Infancy through third grade lays the foundation on which a life is built, and some kids are given a shakier scaffold than others.

A new statewide commission meets in Lincoln for the first time Wednesday to address workforce problems in early childhood education. The commission was set up by the Buffett Early Childhood Institute, a fairly new enterprise overseen by the University of Nebraska system.

The panel will strive to expand and improve the state’s early childhood workforce. The meeting today isn’t open to the public.

The Buffett Early Childhood Institute, a statewide enterprise based in Omaha, aims to eliminate achievement gaps among young children, expand and improve the workforce serving those children, and improve public understanding of the importance of early childhood care and education. The institute began its work in 2013.

Research increasingly shows how vital good education, teaching and learning opportunities are to the ability of small children to mature into happy, productive citizens.

“This is a profession in crisis,” Samuel Meisels, executive director of the institute, said of early childhood education.

The only reason so many people do it well is because they love children and understand the importance of the work, Meisels said. Status, salary, labor conditions and other factors work against excellence in teaching at the preschool level. The commission will examine how workers are prepared, certification and licensing issues, working conditions and other factors.

At Educare in north Omaha, Jenn Janzen works full time with children ages 3 through 5.

“I think children are born with that curiosity, that they love to learn,” Janzen said. “That’s one of the joys of the job.”

But even at a solid, well-supported child care center such as Educare, it’s hard to keep great staff, said Jane Happe, executive director of Educare of Omaha. Some of her lower-paid staffers, who don’t have bachelor’s degrees, work second jobs, Happe said.

And those with bachelor’s degrees sometimes get recruited away by preschool programs in the Omaha Public Schools and other school districts.

“These are hard jobs,” Happe said. “It takes a lot of energy to do these jobs well.”

The committee will be made up of 39 public- and private-sector leaders. Meisels and Marjorie Kostelnik, dean of the University of Nebraska-Lincoln College of Education and Human Sciences, will co-chair the commission. The panel will include State Sen. John Stinner, who is the Nebraska Legislature’s Appropriations Committee chairman, and representatives from across Nebraska from government agencies, higher education, public schools, early childhood centers and charities.

The commission will meet four times a year for three years. The commission will issue a report, or multiple reports, with recommendations.

In 2015, the median salary for child care professionals in Nebraska was $19,620, the institute reported.

“The competition is Wendy’s,” said Meisels, 71, who was recruited to oversee the Nebraska enterprise from the Erikson Institute, a graduate school in child development in Chicago. Before that he was a faculty member and research scientist at the University of Michigan.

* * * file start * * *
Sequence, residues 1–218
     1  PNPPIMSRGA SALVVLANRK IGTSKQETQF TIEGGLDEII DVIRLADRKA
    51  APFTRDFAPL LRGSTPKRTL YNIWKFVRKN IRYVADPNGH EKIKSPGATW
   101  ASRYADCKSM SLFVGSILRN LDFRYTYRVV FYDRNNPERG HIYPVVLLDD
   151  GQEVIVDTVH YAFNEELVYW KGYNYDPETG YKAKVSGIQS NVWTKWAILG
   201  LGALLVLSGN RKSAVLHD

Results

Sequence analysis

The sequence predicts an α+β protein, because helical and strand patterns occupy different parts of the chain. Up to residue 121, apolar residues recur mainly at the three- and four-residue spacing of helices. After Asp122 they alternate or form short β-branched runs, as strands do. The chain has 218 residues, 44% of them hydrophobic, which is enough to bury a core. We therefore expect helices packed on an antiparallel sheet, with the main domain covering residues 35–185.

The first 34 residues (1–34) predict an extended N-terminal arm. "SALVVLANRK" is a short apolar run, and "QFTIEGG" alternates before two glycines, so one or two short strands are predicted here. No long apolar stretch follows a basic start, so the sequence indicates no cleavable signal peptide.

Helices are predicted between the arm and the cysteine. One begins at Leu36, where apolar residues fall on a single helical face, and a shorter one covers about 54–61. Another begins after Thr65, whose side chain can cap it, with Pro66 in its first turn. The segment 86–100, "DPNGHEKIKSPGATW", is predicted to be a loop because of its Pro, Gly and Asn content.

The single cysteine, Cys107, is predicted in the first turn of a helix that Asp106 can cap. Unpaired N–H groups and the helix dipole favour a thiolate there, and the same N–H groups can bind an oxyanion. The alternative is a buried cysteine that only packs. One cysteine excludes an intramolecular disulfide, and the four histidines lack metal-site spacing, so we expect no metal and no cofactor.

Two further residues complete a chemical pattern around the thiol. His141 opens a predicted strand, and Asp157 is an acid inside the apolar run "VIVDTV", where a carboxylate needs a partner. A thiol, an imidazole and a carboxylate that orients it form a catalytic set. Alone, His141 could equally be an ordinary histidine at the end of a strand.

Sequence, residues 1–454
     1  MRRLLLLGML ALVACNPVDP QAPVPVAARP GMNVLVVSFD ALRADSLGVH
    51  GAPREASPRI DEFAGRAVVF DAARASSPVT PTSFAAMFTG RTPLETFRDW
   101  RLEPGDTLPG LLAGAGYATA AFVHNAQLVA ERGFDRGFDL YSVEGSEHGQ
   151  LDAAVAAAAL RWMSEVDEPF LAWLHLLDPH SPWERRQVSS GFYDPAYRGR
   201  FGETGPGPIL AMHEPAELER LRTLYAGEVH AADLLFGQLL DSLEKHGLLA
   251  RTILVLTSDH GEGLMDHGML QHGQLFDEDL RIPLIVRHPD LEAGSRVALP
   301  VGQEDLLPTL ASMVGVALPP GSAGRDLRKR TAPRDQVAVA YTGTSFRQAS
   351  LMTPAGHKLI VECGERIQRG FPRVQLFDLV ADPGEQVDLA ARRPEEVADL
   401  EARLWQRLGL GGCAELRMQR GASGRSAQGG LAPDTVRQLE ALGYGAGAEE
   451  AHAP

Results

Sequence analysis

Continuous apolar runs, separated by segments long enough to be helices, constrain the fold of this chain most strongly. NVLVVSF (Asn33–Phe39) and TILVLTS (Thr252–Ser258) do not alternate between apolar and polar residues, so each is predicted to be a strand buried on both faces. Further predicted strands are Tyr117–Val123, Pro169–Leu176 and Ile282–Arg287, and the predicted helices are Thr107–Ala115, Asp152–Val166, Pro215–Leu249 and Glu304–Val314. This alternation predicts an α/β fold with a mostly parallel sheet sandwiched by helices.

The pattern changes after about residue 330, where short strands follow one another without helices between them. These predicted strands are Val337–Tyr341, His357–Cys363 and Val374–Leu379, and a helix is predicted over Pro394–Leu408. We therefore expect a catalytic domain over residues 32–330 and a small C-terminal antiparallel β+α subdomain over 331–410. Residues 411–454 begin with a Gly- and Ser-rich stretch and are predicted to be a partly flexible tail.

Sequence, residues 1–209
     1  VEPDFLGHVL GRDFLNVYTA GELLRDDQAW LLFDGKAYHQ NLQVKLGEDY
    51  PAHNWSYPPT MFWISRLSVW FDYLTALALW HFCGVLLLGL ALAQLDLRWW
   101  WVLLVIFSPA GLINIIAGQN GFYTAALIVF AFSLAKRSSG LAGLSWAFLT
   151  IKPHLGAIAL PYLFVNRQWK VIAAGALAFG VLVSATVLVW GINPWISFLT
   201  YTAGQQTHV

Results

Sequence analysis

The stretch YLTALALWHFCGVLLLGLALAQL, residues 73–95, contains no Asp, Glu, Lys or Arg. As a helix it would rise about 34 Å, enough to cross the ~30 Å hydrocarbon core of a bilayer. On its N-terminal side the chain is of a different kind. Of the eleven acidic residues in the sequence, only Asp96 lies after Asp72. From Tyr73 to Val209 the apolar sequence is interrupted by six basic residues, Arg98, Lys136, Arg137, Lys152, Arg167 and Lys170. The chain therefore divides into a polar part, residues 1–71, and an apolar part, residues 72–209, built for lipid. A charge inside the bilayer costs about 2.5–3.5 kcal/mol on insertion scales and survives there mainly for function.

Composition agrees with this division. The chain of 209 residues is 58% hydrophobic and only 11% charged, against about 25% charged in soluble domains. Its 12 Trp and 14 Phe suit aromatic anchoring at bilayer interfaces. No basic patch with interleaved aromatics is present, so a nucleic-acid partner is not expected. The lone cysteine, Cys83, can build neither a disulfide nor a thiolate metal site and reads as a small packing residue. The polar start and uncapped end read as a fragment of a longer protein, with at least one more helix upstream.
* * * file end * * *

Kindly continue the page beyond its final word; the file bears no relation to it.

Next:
Eleven counties in Nebraska have no licensed child care facilities. Nearly 80 percent of children 5 and younger in this state are in some kind of paid care, the institute says.

Among many challenges the commission will address is the fact that numerous Nebraska colleges offer early childhood programs, but there is little consistency in required classroom hours and training.

Jane Franklin, dean of social sciences at Metro Community College, said she also would like to see consistency in transfer agreements between community colleges’ early childhood programs and those of four-year schools. Franklin is on the commission.

“This is going to be a dedicated, committed group,” Franklin said.

Kostelnik said early childhood teachers in centers and schools have jobs that aren’t just physically and emotionally draining. They are intellectually challenging jobs, too. Kostelnik said people think it just takes the heart and desire to serve young children, when in fact it takes know-how and understanding.

Professionals need to know how to support children and how to stretch their intellects a bit without discouraging them. “You do not have to force little kids to be excited about learning,” Kostelnik said. “And there’s not a worry about succeeding or failing. There’s just curiosity.”

Testing small kids, making learning stressful and onerous, forcing them to memorize things and other strategies can tamp down the natural enthusiasm to learn. Trendy strategies such as Mozart tapes and flash cards for babies generally aren’t as effective as giving them a chance to a explore a pile of leaves, crawl around a room and investigate, or sit on an adult’s lap while the adult reads 15 minutes a day to the child, she said.

Jessie Rasmussen, president of the Buffett Early Childhood Fund, said when a young child starts behind, it’s hard to make up that deficit. “And in fact, the gap usually gets wider,” Rasmussen said.

The commission’s work will focus on early childhood education services to children who are at risk of doing poorly in school.

Meisels said child care is only one of several important influences on a youngster. Others include family, environment and income. Starting well, he said, is vital. Children at risk have the most to gain, he said, but all children and society as a whole benefit when children get off to a fast, strong start.

rick.ruggles@owh.com, 402-444-1123, twitter.com/rickruggles

Rick covers higher education for The World-Herald. Follow him on Twitter @RickRuggles. Phone: 402-444-1123.

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